By Andy Eide
SEATTLE – What was officially a ground-breaking ceremony for the new Seattle Center Arena Wednesday, turned quickly into a continued celebration of the National Hockey League’s expansion to Seattle.
The dignitaries that helped land the new team and the building of a new arena were all in attendance at the West Plaza of Key Arena. It was, in essence, Seattle hockey’s first starting lineup.
Seattle Mayor Jenny Durkan kicked off the ceremonies in an appropriate manner.
“Are we ready for hockey,” she asked the crowd in attendance. “Is this hockey weather? Do we love this building?”
The love for the building in its current state was somewhat muted but it was quickly pointed out by Oak View Group’s Tim Leiweke that the project is not a renovation, but rather, a new arena.
An arena project that started at $650 million but has now risen to $850 million, all privately financed by OVG.
“We never have value engineered one piece out of this building,” Leiweke added. “We stuck with everything. We made sure that this arena, a brand new arena, would be the finest in the country, and it will be. In addition to that, we honored 1962 and the World’s Fair, we honored the history and tradition of our neighborhood and Seattle Center. We kept this majestic, beautiful roof and we learned to build a new arena underneath it.”
Washington State Governor Jay Inslee was also part of the ceremonies, excited to support the NHL team and the new arena.
The Governor has been vocal in his desire to stir up a rivalry with the Vancouver Canucks and has not been shy about chirping his counterparts in the Vancouver and British Columbia government.
“We want to build a high-speed rail between Vancouver and Seattle and Portland,” Governor Inslee added. “This is going to be like a subway series. This is going to be the greatest series in NHL history, so we’re already getting in each other faces.”
Inslee also spoke of the impact, of what will end up being over a billion-dollar investment of private funds into this project, is for the city, state and region.
“The obvious thing is the sports franchise but also the entertainment venue with the culture,” he said. “This is not just sports, it’s the rebirth of a cultural venue as well and that’s really important. Obviously, we have hopes for the Sonics as well, so everybody wins in this. It’s a good day for Washington.”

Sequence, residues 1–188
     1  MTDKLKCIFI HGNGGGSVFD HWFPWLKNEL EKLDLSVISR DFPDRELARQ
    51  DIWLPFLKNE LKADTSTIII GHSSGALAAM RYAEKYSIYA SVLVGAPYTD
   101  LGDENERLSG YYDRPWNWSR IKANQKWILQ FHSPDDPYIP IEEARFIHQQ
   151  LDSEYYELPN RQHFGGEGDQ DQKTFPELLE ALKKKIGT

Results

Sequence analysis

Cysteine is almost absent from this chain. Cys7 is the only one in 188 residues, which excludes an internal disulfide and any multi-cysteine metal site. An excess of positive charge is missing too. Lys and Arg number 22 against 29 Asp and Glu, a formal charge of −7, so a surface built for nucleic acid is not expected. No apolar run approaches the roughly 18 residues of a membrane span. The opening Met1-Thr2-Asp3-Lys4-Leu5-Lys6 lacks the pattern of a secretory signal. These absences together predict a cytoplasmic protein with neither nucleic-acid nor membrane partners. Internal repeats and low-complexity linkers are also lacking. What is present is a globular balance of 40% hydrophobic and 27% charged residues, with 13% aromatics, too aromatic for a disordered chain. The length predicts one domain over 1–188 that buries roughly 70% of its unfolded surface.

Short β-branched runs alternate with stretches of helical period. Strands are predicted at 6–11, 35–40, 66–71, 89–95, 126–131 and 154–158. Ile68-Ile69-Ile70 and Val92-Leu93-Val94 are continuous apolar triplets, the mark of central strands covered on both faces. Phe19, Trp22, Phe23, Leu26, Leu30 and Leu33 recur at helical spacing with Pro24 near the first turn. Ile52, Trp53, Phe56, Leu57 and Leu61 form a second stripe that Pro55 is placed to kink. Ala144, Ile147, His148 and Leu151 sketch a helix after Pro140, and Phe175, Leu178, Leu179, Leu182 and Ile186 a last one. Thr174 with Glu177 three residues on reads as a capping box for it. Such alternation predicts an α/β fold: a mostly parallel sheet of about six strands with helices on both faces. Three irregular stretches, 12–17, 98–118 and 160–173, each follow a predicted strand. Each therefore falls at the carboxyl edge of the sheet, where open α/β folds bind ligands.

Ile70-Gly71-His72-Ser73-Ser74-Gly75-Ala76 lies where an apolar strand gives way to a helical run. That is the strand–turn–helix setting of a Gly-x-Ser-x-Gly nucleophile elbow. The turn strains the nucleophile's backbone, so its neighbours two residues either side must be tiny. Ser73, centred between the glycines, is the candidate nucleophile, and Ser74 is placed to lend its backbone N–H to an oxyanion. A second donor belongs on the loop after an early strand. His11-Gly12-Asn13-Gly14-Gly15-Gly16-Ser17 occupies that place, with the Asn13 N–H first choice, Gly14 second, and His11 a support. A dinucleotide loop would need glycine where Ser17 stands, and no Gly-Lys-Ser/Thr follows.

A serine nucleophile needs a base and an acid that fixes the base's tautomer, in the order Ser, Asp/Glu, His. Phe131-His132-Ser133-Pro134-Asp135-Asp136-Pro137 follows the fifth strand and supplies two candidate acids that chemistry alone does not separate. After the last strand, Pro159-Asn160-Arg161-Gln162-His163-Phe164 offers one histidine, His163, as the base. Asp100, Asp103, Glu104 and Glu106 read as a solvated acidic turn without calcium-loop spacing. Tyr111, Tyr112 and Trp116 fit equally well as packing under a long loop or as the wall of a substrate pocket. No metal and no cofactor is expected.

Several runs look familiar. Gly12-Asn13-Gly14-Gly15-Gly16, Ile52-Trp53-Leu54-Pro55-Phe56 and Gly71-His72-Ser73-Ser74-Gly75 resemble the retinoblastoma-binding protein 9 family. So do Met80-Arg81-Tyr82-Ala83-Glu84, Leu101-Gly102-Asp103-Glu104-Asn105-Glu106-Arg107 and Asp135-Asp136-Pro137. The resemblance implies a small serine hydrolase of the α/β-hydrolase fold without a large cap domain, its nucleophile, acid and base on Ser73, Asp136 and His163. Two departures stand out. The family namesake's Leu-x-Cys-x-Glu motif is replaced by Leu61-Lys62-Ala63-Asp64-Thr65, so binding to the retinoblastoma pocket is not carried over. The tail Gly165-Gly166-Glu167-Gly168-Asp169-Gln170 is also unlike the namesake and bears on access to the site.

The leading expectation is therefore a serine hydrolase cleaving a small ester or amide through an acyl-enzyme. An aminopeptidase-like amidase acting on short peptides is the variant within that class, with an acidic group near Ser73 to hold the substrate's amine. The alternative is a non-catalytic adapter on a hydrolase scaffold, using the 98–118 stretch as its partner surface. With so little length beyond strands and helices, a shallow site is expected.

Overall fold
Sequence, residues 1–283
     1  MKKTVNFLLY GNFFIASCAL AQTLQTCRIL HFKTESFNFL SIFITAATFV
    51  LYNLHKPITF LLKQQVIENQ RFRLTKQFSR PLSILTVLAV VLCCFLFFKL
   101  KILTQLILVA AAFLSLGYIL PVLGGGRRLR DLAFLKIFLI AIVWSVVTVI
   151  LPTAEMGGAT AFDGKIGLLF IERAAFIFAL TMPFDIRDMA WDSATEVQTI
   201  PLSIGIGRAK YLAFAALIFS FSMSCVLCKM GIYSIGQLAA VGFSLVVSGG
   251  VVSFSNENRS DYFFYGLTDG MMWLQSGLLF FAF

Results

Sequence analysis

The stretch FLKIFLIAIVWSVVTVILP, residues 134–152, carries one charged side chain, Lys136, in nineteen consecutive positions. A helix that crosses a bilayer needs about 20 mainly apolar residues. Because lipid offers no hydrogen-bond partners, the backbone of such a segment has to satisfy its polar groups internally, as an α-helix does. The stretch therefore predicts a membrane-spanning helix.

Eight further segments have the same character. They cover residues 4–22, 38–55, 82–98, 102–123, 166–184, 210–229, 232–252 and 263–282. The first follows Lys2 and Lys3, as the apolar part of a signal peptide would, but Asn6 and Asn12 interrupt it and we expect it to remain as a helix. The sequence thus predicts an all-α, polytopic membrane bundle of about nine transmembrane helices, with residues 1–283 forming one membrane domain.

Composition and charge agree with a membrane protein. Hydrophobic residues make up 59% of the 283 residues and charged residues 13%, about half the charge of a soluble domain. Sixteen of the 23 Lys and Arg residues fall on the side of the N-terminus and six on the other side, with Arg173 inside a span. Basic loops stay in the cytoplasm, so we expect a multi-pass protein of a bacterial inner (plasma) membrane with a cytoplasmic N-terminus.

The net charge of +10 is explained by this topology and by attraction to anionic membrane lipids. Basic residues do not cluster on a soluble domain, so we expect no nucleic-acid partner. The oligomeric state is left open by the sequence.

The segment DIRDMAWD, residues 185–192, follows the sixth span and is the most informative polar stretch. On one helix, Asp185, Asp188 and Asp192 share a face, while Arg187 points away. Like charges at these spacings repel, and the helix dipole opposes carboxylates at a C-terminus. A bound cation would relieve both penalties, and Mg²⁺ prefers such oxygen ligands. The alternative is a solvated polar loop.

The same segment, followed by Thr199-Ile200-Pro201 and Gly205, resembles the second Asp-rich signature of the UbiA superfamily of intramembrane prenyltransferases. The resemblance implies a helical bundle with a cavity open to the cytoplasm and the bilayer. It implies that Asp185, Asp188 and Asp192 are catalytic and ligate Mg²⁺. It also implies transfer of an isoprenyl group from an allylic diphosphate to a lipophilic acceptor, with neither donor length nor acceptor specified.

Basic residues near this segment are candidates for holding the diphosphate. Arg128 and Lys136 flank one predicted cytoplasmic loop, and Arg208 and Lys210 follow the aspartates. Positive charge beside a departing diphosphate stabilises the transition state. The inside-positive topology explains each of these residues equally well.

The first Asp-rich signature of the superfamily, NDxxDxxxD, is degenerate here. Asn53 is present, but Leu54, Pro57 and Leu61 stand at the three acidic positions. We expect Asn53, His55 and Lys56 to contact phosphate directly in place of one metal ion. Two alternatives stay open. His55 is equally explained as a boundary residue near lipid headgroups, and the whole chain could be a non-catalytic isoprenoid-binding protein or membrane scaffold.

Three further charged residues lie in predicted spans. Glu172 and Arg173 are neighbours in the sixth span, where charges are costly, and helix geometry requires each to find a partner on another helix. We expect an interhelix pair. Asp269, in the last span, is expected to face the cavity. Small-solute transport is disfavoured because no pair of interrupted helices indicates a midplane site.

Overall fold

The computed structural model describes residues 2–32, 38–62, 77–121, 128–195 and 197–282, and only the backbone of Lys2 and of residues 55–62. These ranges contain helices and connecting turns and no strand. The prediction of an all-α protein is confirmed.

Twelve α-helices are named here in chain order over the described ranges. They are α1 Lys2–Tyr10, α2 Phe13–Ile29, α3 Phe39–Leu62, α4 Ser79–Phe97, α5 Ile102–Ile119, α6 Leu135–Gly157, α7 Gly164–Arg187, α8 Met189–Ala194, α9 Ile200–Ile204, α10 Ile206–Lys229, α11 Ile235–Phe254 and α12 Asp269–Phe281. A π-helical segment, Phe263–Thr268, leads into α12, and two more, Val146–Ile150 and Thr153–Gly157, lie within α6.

Fresh off the plane from Georgia, where he was on hand for the announcement Tuesday from NHL Commissioner Gary Bettman, NHL Seattle president Tod Leiweke took the podium and wanted to fire up the crowd.
He cautioned that they had promised the neighboring apartment complexes that they would keep the noise to a minimum, but it was too exciting of a day to be restrained.
“You know what happened yesterday,” Tod Leiweke exclaimed with a raised fist. “The commissioner stood at a podium and said ‘Seattle, you’ve got an NHL team’. Woo. That was not only a dream about a team, that was a dream about a building. I was here, I was CEO of the Seahawks and I saw our NBA team leave over this building and this building was left for dead, and it’s not fair.
“This building is such an important part of our community and such an important part of Seattle Center.”
With the speeches done, the group picked up ceremonial shovels, fashioned out of hockey sticks, and dug into some dirt for the photo opportunity.
There were smiles abound. Smiles about a new arena, an NHL franchise and the overflow of emotion and momentum over the past 24 hours in Seattle.
“Ultimately, I want to thank the fans,” Tod Leiweke said. “I was in a meeting at the NFL and my brother sent me a text message that said, ‘call me, it’s an emergency’. I called him back and he told me that in ten minutes we had achieved 10,000 deposits and by the end of that day we had 32,000 deposits. And, I’m proud to tell you that just yesterday, 5000 people signed up on our waiting list.
“That’s who we’re doing this for. We’re building this building for them, we’re building a world class franchise for them, and we will not let them down.”